Worked Example of an NPV Model - A Space Industry Project

This worked example is based on a project being considered for approval by a company working in the Space industry. The project would develop and prove a new unit e.g. battery cell or processor to customers who are building space systems e.g. satellites. The relevant costs and benefits can be summarised as follows:

  • Production cost per unit: £200k.
  • Selling cost per unit: £700k.
  • Other costs of sales (management, marketing and test chamber time: £230k per annum.
  • Potential sales: 20 per annum.
  • Estimated sales opportunities conversion rate: 60%.
  • Unit development cost: £10.7m including £1m on special tools and test equipment (STTE) which would be treated as assets for tax purposes.
  • Unit development period: 3 years.
  • Subsequent sales window: seven years.
  • Opportunity cost: £400 per annum profit on declined customer contract to hire environmental chamber during the unit development period.
  • Provision for unit development risk: £4m, including a provision for development prolongation of up to one year e.g. caused by the need for an additional design and test cycle.
  • Associated risk that development prolongation would delay commencement of sales.
  • Provision for sales risk of 20% caused by the market for sales being reduced by delays to customer programmes.
  • Provision of cost risk for production yield rate : 5% of production costs.
  • Corporation tax on project-specific profits from the point at which they are realised.
  • Tax reliefs on the write down of assets (WSA).

Estimates in the model are made at constant cost. However, the company's discount rate of 13%  is calculated at nominal rates i.e. including inflation. The discount rate thus has to be adjusted downwards to represent the company's cost of capital at real rates. The effects of inflation on the project's cost and benefits. Hence the discount rate for the model is approximately 9.7% (see this page for the relevant formula).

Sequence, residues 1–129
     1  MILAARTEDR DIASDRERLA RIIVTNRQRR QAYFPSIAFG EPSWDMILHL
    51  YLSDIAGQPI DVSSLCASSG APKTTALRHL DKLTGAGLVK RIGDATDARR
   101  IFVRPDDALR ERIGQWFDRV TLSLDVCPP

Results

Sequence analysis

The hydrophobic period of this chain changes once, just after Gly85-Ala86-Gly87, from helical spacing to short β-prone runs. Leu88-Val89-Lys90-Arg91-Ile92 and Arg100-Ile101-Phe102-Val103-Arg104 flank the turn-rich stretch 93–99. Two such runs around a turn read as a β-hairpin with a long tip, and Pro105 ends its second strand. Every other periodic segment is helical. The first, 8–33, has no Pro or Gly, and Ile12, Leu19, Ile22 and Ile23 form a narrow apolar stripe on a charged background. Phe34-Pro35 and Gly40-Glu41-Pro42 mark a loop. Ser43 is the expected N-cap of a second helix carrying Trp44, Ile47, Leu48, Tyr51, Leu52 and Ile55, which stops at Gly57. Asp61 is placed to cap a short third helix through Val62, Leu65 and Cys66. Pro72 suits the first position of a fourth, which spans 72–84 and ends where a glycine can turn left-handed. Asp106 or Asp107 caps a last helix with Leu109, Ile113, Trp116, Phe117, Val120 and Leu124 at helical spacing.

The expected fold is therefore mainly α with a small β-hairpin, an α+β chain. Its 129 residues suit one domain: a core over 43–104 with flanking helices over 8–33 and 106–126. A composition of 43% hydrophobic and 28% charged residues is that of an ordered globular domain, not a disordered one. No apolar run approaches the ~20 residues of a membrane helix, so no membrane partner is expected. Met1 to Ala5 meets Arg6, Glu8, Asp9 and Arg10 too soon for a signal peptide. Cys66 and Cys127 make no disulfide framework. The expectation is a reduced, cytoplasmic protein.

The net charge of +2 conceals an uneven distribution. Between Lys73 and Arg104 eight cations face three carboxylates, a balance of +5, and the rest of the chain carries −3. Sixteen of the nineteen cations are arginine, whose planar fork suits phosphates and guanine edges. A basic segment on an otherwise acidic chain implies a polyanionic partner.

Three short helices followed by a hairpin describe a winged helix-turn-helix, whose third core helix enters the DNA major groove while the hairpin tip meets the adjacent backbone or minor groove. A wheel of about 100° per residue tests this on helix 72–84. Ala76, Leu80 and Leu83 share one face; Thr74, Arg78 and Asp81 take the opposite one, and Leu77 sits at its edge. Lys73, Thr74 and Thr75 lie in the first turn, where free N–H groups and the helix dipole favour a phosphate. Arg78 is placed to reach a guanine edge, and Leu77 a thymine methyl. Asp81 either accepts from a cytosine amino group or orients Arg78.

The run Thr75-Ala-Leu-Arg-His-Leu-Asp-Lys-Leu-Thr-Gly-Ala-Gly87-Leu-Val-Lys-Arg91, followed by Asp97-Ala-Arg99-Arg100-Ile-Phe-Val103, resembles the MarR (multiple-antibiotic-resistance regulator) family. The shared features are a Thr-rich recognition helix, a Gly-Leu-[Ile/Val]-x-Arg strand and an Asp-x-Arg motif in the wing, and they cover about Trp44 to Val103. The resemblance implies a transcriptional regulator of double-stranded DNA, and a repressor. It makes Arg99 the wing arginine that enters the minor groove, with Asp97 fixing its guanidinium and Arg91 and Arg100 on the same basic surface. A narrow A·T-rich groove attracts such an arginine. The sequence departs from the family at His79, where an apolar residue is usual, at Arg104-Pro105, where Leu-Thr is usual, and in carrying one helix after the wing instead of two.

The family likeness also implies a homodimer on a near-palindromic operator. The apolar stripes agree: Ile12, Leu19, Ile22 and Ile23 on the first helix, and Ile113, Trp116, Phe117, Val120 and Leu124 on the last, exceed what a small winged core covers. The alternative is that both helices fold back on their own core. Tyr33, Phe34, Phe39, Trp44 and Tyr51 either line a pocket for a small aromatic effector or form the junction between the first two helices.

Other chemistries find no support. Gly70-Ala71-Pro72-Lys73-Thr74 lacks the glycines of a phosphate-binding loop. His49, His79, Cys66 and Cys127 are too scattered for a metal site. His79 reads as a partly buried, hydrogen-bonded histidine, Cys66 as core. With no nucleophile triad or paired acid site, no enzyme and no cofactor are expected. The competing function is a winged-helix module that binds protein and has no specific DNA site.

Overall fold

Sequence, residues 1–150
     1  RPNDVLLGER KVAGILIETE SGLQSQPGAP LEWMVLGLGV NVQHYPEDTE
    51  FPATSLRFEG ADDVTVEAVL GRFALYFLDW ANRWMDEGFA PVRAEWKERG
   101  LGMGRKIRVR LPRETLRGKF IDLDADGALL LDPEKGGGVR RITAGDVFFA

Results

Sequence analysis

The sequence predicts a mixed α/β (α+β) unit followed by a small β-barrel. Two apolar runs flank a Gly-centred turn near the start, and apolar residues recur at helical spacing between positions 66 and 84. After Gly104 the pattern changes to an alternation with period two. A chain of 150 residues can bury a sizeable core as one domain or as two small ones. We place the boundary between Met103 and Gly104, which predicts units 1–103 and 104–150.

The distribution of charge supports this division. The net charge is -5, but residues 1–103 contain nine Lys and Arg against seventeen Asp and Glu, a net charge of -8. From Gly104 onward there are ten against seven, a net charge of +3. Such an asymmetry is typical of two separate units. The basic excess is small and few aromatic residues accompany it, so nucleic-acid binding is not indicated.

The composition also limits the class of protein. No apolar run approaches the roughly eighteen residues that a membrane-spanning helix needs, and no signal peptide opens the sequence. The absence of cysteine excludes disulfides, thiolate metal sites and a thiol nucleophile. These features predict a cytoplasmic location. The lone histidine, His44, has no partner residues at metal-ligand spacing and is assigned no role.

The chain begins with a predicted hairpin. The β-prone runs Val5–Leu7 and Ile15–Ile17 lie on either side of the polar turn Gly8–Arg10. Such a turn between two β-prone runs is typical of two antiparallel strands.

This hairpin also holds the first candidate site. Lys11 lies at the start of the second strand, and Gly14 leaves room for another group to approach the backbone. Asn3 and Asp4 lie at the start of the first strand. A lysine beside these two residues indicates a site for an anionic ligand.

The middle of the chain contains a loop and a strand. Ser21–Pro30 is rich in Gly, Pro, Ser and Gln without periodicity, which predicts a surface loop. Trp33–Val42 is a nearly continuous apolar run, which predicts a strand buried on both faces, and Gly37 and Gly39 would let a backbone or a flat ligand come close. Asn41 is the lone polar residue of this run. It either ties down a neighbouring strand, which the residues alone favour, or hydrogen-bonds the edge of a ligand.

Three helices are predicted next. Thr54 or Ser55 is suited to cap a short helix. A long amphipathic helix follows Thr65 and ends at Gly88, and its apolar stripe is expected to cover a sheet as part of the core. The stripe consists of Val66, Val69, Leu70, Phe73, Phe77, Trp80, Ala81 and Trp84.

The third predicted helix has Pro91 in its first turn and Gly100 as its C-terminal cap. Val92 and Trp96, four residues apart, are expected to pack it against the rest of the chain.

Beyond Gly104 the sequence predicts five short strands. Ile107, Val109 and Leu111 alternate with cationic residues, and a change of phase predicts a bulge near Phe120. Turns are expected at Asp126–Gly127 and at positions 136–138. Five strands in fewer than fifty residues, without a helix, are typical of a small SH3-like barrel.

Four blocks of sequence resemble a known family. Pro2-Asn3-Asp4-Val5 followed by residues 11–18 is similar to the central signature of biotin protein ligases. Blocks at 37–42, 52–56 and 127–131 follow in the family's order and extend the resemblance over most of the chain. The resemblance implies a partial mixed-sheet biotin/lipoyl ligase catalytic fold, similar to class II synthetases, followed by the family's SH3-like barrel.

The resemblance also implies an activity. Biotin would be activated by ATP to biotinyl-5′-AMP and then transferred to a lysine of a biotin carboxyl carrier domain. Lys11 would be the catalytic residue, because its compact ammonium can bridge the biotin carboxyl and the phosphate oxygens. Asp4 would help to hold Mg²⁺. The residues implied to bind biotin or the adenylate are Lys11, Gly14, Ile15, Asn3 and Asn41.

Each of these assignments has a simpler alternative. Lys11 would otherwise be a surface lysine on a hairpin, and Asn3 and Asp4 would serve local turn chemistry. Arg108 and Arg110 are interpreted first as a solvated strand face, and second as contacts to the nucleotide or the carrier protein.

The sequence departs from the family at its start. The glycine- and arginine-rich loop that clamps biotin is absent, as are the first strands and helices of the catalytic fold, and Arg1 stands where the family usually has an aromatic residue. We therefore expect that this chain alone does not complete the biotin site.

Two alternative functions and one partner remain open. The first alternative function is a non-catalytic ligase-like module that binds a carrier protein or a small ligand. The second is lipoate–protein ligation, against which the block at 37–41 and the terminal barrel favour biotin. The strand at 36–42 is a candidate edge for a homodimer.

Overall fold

The full Excel NPV model can be downloaded from this link.

The results from the model are summarised in the figure below. The project NPV is shown at the bottom of the last column in purple font. Note that, since the forecast NPV is negative and the project lacks any identified non-cash benefits, it would normally be rejected.


  1. Some of the choices made when structuring this model may be different to the ones that you would make in many circumstances. For example, the modelling of corporation tax is equivalent to that of treating the project as a stand-alone business. In practice, a company's finance function may advise that the tax implications of costs and sales should be modelled separately, thereby combining them with other company activities.
  2. The book NPV and Risk Modelling for Projects includes this model in Chapter 4 as Model 4.1. It also provides a fuller explanation of the project context and includes a variant model that treats taxation and opportunity costs in a different manner and includes inflation in costs and benefits on the basis that tax liabilities would be borne slightly later than the associated costs and benefits.
  3. As with any NPV model, this example is predicated on a number of important assumptions, some explicit (because they underpin the estimates) and others implicit to choices made when structuring the model. It is good practice to ensure that all such assumptions are recorded and made known to the people who use the NPV forecast for decision making purposes. Relevant assumptions have been listed at the top of the Excel sheet that can be downloaded above.